Tuesday, 4 December 2001
I hate blogs.
Really, I do.
I prefer to write to people one on one. However, something happened to me recently and I wanted to share it with you.
It changed my life - just a little - and though it won't change yours, I hope that what I'm about to reveal will at least keep you entertained for a couple of minutes. That's all it will take to read this entry and let me share the memories of this day with you and the memory of a little girl who touched my heart.
This story comes to you from York in England. York is a fascinating city - steeped in history, friendly, fascinating, beautiful and with pub after pub after pub. In the two months that I've been here I've visited lots of interesting places and made many new friends.
Some nights ago I took part in a Ghost Walk. What's a Ghost Walk I hear you ask? Well, a Ghost Walk is when a large group of people meet at a particular place and time and are taken on walk around the city by a man or a woman who has guided that same walk hundreds, if not thousands of times before.
The guide entertains the crowd with stories of ghosts and ghouls, graves and goblins. Ghost Walks take place in York every night. Each walk lasts for around an hour and a half and costs about three pounds. It's a chance to soak up the history of York and see some of the most curious and often most infamous parts of this great city.
The Ghost Walk I joined - the Original Ghost Walk - started at about eight o'clock on a cold and foggy night in late November. The guide - a woman in her forties - told us lots of stories as she led us down narrow and cobbled streets, some of the stories were funny, some a little scary, some were sad.
There is one story I remember well. Even now I can recount it, almost word for word. The ghost part of the story doesn't really matter because the facts - the true, historical facts - were enough. They were enough to almost cause me to break down and cry amongst a group of strangers.
So. Let me tell you the story. And it won't cost you three pounds...
There is a house in York known to many as Plague House. It gets its name from the events that befell a little girl who lived in that house a long, long time ago.
I don't know the little girl's name and probably never will. All I know is that her parents were amongst those to be affected by the Black Death as it swept across Europe hundreds of years ago. (York was badly affected by the plague at regular intervals; In 1604, 3,512 people are known to have died before the plague hit York again in 1631). Both parents died and it was thought that this little girl would die, too.
So what the residents of York did was to board up the doors and windows of the house. But when they boarded up the house they left the little girl inside, alive, with the decaying bodies of her parents. Perhaps the locals left her some food. I don't know.
But I do know that the residents of York were scared. They were scared of catching the plague and they were sure that this little girl was doomed. So they boarded up the house and left her inside and completely alone. She was four years old.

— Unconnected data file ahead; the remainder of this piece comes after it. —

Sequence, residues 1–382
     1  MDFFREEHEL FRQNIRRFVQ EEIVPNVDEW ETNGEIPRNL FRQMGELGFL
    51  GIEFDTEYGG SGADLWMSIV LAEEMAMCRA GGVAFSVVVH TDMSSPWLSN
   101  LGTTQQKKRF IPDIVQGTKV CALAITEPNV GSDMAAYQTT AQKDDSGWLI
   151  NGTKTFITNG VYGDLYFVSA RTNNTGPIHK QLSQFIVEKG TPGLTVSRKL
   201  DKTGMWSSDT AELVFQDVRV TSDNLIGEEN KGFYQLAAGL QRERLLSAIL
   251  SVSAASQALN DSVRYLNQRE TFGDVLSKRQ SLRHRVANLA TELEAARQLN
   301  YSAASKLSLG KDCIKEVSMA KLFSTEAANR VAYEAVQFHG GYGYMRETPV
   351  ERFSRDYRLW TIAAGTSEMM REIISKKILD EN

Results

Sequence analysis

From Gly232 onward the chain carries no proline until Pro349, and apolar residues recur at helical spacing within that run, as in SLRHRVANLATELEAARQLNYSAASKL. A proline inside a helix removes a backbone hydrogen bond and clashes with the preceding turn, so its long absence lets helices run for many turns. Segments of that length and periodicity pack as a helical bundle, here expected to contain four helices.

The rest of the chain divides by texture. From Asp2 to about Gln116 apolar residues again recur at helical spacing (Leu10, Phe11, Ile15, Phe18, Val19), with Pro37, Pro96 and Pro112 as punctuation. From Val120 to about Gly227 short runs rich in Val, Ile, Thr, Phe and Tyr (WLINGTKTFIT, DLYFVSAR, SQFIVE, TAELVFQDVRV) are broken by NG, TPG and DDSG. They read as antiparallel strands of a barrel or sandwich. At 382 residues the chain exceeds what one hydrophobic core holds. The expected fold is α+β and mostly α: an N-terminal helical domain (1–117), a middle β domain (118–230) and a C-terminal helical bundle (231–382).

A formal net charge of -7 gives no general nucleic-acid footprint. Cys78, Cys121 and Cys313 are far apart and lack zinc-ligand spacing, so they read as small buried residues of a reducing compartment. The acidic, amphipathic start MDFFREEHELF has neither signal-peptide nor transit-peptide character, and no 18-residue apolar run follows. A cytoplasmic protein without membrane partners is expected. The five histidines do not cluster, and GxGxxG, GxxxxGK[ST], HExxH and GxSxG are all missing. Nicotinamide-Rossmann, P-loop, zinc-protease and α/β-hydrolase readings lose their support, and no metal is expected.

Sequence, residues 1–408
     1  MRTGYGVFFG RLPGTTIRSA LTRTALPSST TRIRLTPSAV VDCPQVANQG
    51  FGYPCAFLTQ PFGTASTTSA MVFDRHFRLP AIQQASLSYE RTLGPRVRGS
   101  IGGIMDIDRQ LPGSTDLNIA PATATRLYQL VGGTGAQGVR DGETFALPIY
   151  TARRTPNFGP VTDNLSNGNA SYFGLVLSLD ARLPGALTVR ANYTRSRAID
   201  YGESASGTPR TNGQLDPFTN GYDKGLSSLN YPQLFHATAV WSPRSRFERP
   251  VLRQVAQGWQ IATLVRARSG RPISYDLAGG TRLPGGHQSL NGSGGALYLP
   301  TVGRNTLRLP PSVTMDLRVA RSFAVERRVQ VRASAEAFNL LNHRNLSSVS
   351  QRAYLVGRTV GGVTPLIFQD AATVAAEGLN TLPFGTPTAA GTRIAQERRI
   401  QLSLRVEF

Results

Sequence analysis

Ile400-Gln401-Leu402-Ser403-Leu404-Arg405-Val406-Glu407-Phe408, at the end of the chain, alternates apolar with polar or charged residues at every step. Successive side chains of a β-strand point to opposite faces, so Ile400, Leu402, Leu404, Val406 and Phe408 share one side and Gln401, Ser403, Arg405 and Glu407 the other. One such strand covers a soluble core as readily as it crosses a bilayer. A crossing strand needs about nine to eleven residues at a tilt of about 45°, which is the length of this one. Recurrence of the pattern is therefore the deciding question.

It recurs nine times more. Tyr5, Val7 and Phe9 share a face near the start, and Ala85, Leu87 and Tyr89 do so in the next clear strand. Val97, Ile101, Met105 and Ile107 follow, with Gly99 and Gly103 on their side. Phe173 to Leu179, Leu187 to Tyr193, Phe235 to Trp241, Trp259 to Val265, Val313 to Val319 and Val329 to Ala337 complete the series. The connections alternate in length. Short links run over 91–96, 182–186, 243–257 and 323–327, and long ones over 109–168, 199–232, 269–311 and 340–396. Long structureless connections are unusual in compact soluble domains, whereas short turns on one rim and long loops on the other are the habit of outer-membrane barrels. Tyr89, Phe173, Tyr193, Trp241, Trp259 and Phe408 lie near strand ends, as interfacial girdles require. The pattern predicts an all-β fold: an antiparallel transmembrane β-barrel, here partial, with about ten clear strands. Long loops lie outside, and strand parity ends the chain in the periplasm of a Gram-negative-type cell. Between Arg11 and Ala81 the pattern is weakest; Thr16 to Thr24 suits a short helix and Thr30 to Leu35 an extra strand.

There was one window of the house that wasn't boarded up. It was a window to a room at the top of the house. A window that I looked up at just a few nights ago.
Every day the locals would pass the house and they would see the girl, a pale little face, tapping at the window, asking for help, waving at children, smiling, crying, playing. No-one dared enter the house and so she was left there. Every day the girl would appear at the window, her face growing ever paler, until one day she was gone and the locals saw her no more.
Some time later, when the plague had passed, the locals entered the house to remove the bodies. They found the bodies of the mother and father but they couldn't find the body of the little girl. They eventually found her, in the top room, but she hadn't died of the plague. She had died of starvation.
Somehow she had not contracted the plague or she had recovered and she had survived there, for weeks, with the bodies of her parents. Eventually she had died because she had nothing to eat. And nobody had the courage to enter the house to help her. She was forgotten.
As I wrote, the ghost part of the story doesn't really matter because I feel the facts are enough. If the ghost part of the story is to be believed, then there was eventually a happy ending over a century later when the house was blessed by a priest. If you would like to hear the ghost story, just let me know and I will publish it here.
I wanted to share the story of Plague House and the story of this lonely and forgotten girl with you because it touched me a great deal.
As I stood there outside the house, looking up at the window, I could almost imagine her little face and how awful her last weeks on this earth must have been.
I didn't want to simply forget her and move on with my life, getting lost again in the routine of my day to day existence. That's why I wanted to share the story with you. This entry is for her. Now the memory of this little girl lives within you, too.
As I add this entry to my blog, years have passed since that day and York is a distant memory to me now, as are many of the people that I met amongst its old and cobbled streets. But this story and that night will remain with me forever, as will the memory of a little girl who I hope has found peace, wherever she is.
Thanks for reading this.
From the memory box of a Professional Englishman.
- Professional Englishman
- London, ENGLAND, United Kingdom
- This is me. Read a few entries and they will tell you more about me than I can fit into these few paragraphs. Many of these entries started their lives as mass emails. That was before I discovered blogs. Thanks for stopping by and thanks for visiting my blog and reading about my life. Both a work in progress.